“Nearly all of our gases, if you have no protection from them, will kill if you can get a high-enough concentration. But all of our gases will not kill vegetable life. All of the gases that have chlorine in them will kill vegetable life and our phosgene, which is largely chlorine and carbon monoxide, will kill all vegetable life. It is a very lethal gas. It will kill men quickly, but your gas mask will give you protection. If you are not protected against them the gases would put an army out in a few minutes.”

While Siebert didn’t give many details, the Tuckerton Beacon of July 10, 1919, had discovered some.

“Now that the camp is disbanded, scarcely a trace of it remaining, Lieutenant Colonel W.S. Bacon, chief of the proving division, tells of the work of the camp in the Journal of Industrial and Engineering Chemistry.

“While the camp lasted all the things done with gas on the combat fields of Europe were tried out there. The camp had trenches, dugouts, concrete bomb-proof retreats, so that gas effects might be accurately noted and results applied to overseas work. There were hospitals for the gassed, goats, dogs, guinea pigs and monkeys that were subjected to military exposure, and the sort of care that humans received abroad was given to those animal sufferers. They were saved when possible, and when not possible, the camp authorities knew they had a gas which would be fatal also to enemy soldiers.”

Col. Bacon explained.

“To make clear the trials and tests necessary … before a substance was finally recommended, let us take as an example substance X, which has been found in the research laboratory to be promising, both as to toxicity and ease of manufacture. Enough of this substance was made to fill several hundred shells of various calibres. The first step toward making a recommendation was to determine a proper bursting charge for the substance. … After the bursting charge had been determined large numbers of the shell were repeatedly fired on trenches, wooded areas, rolling and level ground, etc., in the same numbers as used in actual warfare.”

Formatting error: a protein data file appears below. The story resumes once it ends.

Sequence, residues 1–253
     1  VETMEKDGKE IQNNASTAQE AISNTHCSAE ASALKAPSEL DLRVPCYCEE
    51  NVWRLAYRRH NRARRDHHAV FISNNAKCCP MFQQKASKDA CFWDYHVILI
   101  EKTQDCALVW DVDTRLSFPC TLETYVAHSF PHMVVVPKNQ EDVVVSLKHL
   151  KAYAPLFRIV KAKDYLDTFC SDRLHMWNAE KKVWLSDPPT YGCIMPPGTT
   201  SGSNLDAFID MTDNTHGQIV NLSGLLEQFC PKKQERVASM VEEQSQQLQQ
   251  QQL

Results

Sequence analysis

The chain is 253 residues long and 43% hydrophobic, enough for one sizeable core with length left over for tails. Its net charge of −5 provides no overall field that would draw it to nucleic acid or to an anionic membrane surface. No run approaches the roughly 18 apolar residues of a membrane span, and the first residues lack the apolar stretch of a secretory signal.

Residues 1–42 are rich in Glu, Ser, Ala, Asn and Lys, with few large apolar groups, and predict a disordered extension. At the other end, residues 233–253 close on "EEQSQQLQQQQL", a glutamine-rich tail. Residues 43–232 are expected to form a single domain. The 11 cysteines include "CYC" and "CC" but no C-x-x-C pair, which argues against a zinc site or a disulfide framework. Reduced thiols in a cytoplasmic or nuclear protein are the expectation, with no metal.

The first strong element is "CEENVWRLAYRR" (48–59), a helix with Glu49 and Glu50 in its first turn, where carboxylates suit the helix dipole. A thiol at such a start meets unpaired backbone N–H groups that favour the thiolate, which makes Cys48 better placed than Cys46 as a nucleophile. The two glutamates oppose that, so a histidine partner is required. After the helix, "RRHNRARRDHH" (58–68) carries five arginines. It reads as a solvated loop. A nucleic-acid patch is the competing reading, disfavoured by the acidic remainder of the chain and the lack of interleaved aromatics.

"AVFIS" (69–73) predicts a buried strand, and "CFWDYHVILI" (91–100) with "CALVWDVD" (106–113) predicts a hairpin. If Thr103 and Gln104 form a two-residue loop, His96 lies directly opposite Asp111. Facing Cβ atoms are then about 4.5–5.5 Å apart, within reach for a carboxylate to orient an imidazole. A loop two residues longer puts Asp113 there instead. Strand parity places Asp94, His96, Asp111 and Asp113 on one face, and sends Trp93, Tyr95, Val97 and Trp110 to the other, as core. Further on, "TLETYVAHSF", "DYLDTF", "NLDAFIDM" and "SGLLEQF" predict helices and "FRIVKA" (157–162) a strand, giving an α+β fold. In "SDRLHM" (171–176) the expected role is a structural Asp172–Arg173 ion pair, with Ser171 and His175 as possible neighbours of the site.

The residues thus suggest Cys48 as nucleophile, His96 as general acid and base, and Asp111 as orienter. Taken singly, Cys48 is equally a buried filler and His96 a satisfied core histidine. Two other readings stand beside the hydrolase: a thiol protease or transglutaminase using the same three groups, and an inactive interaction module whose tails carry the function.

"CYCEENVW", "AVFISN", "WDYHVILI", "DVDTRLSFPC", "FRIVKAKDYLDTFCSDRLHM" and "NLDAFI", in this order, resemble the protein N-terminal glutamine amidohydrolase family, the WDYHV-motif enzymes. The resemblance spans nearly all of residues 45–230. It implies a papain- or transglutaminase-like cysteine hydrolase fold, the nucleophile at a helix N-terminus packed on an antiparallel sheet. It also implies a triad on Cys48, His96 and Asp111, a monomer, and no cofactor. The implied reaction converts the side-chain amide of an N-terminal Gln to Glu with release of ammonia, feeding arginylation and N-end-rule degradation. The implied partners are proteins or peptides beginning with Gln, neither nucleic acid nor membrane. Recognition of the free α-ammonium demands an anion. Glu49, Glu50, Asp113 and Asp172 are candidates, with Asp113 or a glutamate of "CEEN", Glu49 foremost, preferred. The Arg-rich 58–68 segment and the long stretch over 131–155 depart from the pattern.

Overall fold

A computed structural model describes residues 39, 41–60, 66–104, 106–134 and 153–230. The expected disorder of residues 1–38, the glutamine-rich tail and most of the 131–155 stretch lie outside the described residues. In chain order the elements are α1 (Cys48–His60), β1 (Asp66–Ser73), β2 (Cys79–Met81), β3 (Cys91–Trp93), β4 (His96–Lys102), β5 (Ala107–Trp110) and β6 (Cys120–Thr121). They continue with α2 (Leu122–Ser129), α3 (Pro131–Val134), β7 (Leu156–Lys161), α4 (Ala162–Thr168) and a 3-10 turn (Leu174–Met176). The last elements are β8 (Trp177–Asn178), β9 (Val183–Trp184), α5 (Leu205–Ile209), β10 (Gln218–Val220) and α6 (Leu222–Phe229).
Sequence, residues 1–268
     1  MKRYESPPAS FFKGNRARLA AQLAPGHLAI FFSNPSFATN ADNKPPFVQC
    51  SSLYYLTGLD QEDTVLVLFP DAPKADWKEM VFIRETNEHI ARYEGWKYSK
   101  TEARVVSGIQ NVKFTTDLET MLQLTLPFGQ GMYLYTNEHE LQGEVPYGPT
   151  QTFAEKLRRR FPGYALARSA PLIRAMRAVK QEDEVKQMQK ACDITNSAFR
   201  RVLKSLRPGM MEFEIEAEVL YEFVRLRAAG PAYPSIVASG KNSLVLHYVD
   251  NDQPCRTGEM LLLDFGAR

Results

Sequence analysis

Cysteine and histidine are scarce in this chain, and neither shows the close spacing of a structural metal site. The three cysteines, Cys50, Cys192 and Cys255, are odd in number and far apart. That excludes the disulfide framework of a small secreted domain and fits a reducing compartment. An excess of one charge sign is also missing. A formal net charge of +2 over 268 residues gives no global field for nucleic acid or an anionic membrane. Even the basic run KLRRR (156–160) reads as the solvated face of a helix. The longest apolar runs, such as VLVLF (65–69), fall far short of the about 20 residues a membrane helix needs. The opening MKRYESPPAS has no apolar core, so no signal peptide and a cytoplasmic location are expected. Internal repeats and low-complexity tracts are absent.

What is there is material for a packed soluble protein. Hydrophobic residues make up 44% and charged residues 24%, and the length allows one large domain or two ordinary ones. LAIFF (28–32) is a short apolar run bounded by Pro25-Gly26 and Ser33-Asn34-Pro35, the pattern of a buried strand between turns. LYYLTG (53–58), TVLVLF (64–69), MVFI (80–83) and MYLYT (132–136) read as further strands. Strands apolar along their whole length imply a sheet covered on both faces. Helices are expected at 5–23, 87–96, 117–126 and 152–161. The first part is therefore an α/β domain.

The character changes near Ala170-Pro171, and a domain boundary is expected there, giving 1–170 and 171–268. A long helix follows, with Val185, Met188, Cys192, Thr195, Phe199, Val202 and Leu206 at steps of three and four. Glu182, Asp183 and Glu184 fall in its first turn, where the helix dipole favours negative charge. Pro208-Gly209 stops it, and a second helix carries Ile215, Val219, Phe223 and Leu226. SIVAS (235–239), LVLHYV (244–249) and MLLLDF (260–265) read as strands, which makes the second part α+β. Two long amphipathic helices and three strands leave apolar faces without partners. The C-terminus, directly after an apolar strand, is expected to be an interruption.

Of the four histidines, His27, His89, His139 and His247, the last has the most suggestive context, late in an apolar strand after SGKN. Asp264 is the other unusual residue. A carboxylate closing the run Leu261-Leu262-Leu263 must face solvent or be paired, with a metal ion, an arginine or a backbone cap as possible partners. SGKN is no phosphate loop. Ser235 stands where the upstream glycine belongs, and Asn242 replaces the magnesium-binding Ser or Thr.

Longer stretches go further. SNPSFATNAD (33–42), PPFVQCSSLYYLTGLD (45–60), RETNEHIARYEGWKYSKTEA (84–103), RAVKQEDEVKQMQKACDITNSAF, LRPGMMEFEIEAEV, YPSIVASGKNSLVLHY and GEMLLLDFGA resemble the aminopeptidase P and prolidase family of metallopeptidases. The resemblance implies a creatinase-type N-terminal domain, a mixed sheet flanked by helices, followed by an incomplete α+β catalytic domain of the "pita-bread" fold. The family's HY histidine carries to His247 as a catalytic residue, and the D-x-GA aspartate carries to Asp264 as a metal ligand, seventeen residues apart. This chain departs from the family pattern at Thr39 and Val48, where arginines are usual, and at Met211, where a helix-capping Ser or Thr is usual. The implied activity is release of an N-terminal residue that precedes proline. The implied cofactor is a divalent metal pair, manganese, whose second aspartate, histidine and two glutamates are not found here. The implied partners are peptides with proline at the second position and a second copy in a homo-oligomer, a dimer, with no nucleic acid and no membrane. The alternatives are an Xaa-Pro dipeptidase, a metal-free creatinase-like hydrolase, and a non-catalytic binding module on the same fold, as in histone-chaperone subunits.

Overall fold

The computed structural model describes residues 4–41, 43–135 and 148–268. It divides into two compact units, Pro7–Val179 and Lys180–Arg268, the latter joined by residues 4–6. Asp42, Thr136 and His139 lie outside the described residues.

Next came the goats and dogs. According to Bacon, “Animals were placed in these areas and samples of the gas taken. After a number of such experiments, very accurate and constant results were obtained, upon which, if the substance proved satisfactory, data could be given to the artillery as regards how many shells of this particular gas should be used, with corrections for size of area, wind velocities, temperatures, ground conditions, etc. Trials were continually held to determine how many high explosive shell could be fired with gas shell on the same area without affecting the concentrations.”

In 1997, Kirk Moore wrote a series of articles for the Asbury Park Press, saying, “According to research by the Navy’s environmental experts at Lakehurst, the American chemical service fired various gas projectiles, from 75 mm field artillery shells up to massive gas canisters ejected from the 8-inch bores of Livens mortars.

“Named for its British inventor, the Livens weapon was deployed in rows of hundreds of tubes, all simply dug into the earth and pointed toward enemy trenches. At the signal to fire, all the tubes would be triggered electrically, hurling 60-pound gas canisters up to 1,800 yards.

“They dug trenches through the Pine Barrens, and tethered goats, dogs and guinea pigs as stand-ins for enemy soldiers. They fired Livens canisters and cannon shells loaded with chemicals, observed the burst and drift of gases and moved in to assess the results.

“The injured animals showed how many shells per yards of terrain would create lethal concentrations, and the soldiers could learn how long chemical agents would linger on the field after a barrage.

“Oddly, archives searched by the Navy researchers indicated some goats survived the tests – and were even sold as government surplus when the war was over.”

With the end of the war, in November 1918 operations and testing at Camp Kendrick were discontinued, and the base was eventually sold to the Navy. There was one small problem … while the surviving goats could be sold as surplus, what do you do with tons of poison gas?

Next Week: “Dew of Death.”